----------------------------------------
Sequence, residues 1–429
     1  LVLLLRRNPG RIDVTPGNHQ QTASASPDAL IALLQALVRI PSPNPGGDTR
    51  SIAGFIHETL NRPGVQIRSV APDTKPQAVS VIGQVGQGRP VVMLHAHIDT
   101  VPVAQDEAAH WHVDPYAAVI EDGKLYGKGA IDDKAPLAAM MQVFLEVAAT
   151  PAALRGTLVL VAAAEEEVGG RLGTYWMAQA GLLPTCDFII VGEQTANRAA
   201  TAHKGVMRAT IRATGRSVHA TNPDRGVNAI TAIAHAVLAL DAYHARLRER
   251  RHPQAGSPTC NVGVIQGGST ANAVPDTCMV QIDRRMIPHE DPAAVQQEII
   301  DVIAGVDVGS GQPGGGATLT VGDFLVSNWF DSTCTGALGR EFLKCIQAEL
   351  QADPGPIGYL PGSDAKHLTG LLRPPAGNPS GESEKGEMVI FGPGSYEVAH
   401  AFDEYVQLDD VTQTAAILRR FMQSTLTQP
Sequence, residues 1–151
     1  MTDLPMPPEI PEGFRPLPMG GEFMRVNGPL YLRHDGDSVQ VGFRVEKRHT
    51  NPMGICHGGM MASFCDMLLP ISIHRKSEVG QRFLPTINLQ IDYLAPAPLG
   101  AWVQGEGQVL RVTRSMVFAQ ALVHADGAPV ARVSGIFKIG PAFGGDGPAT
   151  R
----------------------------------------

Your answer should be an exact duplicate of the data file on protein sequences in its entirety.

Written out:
Sequence, residues 1–429
     1  LVLLLRRNPG RIDVTPGNHQ QTASASPDAL IALLQALVRI PSPNPGGDTR
    51  SIAGFIHETL NRPGVQIRSV APDTKPQAVS VIGQVGQGRP VVMLHAHIDT
   101  VPVAQDEAAH WHVDPYAAVI EDGKLYGKGA IDDKAPLAAM MQVFLEVAAT
   151  PAALRGTLVL VAAAEEEVGG RLGTYWMAQA GLLPTCDFII VGEQTANRAA
   201  TAHKGVMRAT IRATGRSVHA TNPDRGVNAI TAIAHAVLAL DAYHARLRER
   251  RHPQAGSPTC NVGVIQGGST ANAVPDTCMV QIDRRMIPHE DPAAVQQEII
   301  DVIAGVDVGS GQPGGGATLT VGDFLVSNWF DSTCTGALGR EFLKCIQAEL
   351  QADPGPIGYL PGSDAKHLTG LLRPPAGNPS GESEKGEMVI FGPGSYEVAH
   401  AFDEYVQLDD VTQTAAILRR FMQSTLTQP
Sequence, residues 1–151
     1  MTDLPMPPEI PEGFRPLPMG GEFMRVNGPL YLRHDGDSVQ VGFRVEKRHT
    51  NPMGICHGGM MASFCDMLLP ISIHRKSEVG QRFLPTINLQ IDYLAPAPLG
   101  AWVQGEGQVL RVTRSMVFAQ ALVHADGAPV ARVSGIFKIG PAFGGDGPAT
   151  R